Ooh! Our friend the stock market rocketed ahead some more yesterday, with the Dow Jones Industrial Average up 57 points to 9,858. (That's 0.59% -- Fools prefer to focus on the percentages more than the points.) The Standard & Poor's 500 Index advanced 0.79%, closing at 1,059. It's been about 17 months since these indexes have been at these levels.
Meanwhile, stocks such as Boeing
In the media, you might see reporters and investors high-fiving one another as they celebrate what seems like great news. After all, this is a great sign that the recent bear market may have finally turned into a strong bull market, isn't it?
Well, if you think about it some more, you may realize that this bit of news is actually kind of meaningless.
For example, consider that:
- Sure, the market has risen quite a bit lately. But that doesn't mean it will continue. It may well plummet tomorrow. Remember -- no one can consistently and accurately foresee where the market is headed in the short term. (In the long run, though, its direction has almost always been up.)
- Yes, there's been a bunch of positive economic news lately, such as upbeat reports on manufacturing activity, construction, and computer-chip sales. But there are also a lot of people out of work, a growing deficit, many states and cities in financial crises, and billions and billions of dollars going to Iraq and elsewhere. So there are both auspicious and worrisome factors at play out there.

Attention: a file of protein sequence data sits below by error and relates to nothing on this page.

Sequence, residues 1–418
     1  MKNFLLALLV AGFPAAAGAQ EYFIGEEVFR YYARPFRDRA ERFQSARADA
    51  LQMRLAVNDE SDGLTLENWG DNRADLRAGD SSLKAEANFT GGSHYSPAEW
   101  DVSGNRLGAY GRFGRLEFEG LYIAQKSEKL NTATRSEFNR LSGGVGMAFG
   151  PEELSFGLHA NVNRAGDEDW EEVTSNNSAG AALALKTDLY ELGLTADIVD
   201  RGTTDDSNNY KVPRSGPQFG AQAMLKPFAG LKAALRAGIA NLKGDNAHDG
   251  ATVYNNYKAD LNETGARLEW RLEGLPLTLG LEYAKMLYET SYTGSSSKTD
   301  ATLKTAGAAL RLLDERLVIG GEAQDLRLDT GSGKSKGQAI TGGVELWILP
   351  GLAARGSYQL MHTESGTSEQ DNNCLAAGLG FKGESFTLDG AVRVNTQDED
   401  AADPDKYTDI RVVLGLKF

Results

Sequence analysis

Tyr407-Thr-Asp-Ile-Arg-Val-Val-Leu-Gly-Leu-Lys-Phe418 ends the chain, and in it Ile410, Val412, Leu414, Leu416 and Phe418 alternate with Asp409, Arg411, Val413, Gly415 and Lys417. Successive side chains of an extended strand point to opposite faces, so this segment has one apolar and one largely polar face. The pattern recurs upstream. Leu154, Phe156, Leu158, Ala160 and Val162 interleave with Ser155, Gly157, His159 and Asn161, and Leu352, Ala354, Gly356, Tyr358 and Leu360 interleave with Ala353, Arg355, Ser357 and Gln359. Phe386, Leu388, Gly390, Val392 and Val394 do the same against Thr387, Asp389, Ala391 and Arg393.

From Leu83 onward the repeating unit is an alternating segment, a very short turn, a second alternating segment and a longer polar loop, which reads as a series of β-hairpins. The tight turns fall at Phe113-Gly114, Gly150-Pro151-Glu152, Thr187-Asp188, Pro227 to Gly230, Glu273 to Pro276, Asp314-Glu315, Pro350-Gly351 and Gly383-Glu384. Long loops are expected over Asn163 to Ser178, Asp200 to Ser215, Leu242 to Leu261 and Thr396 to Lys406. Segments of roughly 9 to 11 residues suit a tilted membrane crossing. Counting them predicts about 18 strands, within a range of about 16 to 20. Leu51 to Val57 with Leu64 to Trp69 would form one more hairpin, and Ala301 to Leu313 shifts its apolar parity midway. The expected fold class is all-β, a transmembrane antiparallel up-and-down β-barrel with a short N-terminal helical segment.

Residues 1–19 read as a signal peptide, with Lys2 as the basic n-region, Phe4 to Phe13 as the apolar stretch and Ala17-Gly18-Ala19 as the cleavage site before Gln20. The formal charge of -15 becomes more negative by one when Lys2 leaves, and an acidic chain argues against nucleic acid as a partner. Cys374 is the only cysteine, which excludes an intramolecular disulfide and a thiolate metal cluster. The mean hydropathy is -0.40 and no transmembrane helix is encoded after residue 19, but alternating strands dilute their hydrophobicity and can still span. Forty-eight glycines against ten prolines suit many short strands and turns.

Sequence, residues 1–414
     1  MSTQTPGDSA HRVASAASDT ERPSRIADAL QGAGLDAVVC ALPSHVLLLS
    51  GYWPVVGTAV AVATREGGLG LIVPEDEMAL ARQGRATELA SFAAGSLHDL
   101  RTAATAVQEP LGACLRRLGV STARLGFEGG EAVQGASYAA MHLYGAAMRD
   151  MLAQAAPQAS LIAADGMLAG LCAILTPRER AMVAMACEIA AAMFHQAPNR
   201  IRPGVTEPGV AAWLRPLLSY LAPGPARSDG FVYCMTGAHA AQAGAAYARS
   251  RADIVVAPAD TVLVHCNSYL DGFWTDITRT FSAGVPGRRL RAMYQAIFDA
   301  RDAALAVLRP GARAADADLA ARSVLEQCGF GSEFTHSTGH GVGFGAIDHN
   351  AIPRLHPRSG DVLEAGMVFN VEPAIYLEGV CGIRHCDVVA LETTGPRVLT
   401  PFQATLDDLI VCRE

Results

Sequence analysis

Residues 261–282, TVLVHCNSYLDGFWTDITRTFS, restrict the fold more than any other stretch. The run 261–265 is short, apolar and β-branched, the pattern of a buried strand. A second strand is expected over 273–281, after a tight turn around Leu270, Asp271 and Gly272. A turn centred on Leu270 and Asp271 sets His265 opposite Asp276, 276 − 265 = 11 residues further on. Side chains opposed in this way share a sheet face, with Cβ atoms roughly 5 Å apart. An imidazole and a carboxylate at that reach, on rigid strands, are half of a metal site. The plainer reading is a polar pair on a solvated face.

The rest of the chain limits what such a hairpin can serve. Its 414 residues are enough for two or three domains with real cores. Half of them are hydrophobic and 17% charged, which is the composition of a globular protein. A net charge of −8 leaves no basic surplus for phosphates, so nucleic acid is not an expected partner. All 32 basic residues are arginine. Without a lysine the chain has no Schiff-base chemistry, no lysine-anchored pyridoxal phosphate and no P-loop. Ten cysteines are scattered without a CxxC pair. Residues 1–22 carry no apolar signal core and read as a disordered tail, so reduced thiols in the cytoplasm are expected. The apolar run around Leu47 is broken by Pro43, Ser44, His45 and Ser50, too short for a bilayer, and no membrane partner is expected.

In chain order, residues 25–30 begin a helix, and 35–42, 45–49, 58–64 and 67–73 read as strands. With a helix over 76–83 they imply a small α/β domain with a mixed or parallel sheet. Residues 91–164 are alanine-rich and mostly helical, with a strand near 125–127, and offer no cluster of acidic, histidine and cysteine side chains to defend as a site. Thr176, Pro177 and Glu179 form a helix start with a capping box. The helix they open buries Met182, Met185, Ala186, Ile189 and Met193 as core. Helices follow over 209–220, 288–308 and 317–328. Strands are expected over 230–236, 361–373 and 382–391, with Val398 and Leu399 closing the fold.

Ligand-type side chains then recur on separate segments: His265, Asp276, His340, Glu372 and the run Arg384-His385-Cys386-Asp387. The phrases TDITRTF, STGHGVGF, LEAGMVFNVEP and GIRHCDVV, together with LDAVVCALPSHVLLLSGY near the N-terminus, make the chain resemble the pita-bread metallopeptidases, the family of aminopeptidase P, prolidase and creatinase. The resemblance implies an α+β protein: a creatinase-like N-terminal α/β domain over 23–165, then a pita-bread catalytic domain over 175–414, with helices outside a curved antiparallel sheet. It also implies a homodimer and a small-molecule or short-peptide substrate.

- Fools should focus on the long term. Yes, yesterday saw some nice appreciation in various stocks and indexes. But in three weeks, if not three days, will you really remember today's news? Will it still matter much? Probably not. This kind of report is often rather ephemeral.
- Finally, think about what you should really be rooting for. Are you at a point in life where you're still socking away your money and investing it? If so, if you're a net buyer of stocks, you should probably be hoping for a market downturn or at least a continued slump. If you're going to be buying more than selling stocks, you should want prices to be low now, not high.
Next time you see an effusive headline about new highs, think twice before getting out your party supplies.
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